40 C to 310 C (19 min isothermal) at 6 C/min. The ame ionization detector was at 310 C. All samples were analyzed in duplicate
at a concentration of 0.02 mg/lL of oil in dichloromethane (DCM).
Biomarker diagnostic parameters of biodegradation (Table 3)
were calculated based on whole oil chromatogram analysis.
Pr/n-C17 and Ph/n-C18 from respective areas of phytane, pristane,
heptadecane and octadecane and CPI were calculated according
to the equation: IPC14-32 = [2  R (nC15 a nC31)]/[nC14 + 2  R
(nC16 to nC30) + nC32].
2.5. Gas chromatographymass spectrometry (GCMS)
The saturated and aromatic hydrocarbon fractions from the
SARA separation were analyzed using GCMS to evaluate the distribution of the biomarker compounds. Analysis was performed
using an Agilent 6890 N GC instrument connected to an Agilent
5973 MSD mass detector, equipped with a DB5-MS fused silica column (30 m length, 0.25 mm i.d.; lm thickness, 0.25 lm). The

Table 2
Degenerate primers used in PCR reactions for the detection of catabolic genes.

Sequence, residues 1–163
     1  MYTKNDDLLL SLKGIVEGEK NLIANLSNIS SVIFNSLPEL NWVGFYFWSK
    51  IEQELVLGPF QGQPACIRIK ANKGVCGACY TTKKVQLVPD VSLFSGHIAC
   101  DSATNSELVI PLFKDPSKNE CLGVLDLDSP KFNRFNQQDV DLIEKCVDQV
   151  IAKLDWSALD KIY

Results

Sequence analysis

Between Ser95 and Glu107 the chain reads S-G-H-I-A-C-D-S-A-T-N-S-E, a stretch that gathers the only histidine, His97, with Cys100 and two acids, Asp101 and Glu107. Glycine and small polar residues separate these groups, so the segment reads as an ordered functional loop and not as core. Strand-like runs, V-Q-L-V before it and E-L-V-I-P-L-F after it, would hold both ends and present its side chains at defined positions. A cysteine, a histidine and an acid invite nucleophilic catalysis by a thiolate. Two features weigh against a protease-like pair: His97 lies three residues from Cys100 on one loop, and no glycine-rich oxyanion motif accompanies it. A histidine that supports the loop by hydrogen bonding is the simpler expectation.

Target gene

Sequence (50 ? 30 )


Expected amplicon size (bp)



Alkane monooxygenase
Alkane monooxygenase
a-Subunit of ARHD
a-Subunit of ARHD





Kuhn et al. (2009)


Bellicanta (2005)

Table 3
Biomarker diagnostic parameters from whole oil analysis by GCFID.


















































Calculated from the respective areas in the phytane (Ph), pristane, heptadecane and octadecane chromatogram from whole oil.
Calculated from the respective areas in the n-alkanes chromatogram from whole oil, according to the equation: CPI14-32 = [2  R (nC15 a nC31)]/[nC14 + 2  R (nC16 to
nC30) + nC32].
CBMAI 705 = Dietzia maris.
CBMAI 636 = Micrococcus sp.
CBMAI 709 = Achromobacter xylosoxidans.
CBMAI 707 = Bacillus subtilis; *nd = not determined.
Calculated in triplicate with standard deviations ranging from 2,3 to 5,8.


B.M. Dellagnezze et al. / Marine Pollution Bulletin 89 (2014) 191200

injector temperature for analysis of saturated hydrocarbons was

set at 280 C, and the oven temperature was increased from
60 C (2 min isothermal) to 200 C at 22 C/min (3 min isothermal)
to 300 C at 3 C/min (held 25 min). For the analysis of aromatic
hydrocarbons, the injector temperature was set at 300 C, and
the oven temperature was increased from 70 C (1 min isothermal)
to 110 C at 12 C/min (22 min isothermal) to 320 C at 1.5 C/min
(held for 3 min). He was the carrier gas at a constant ow of 1 mL/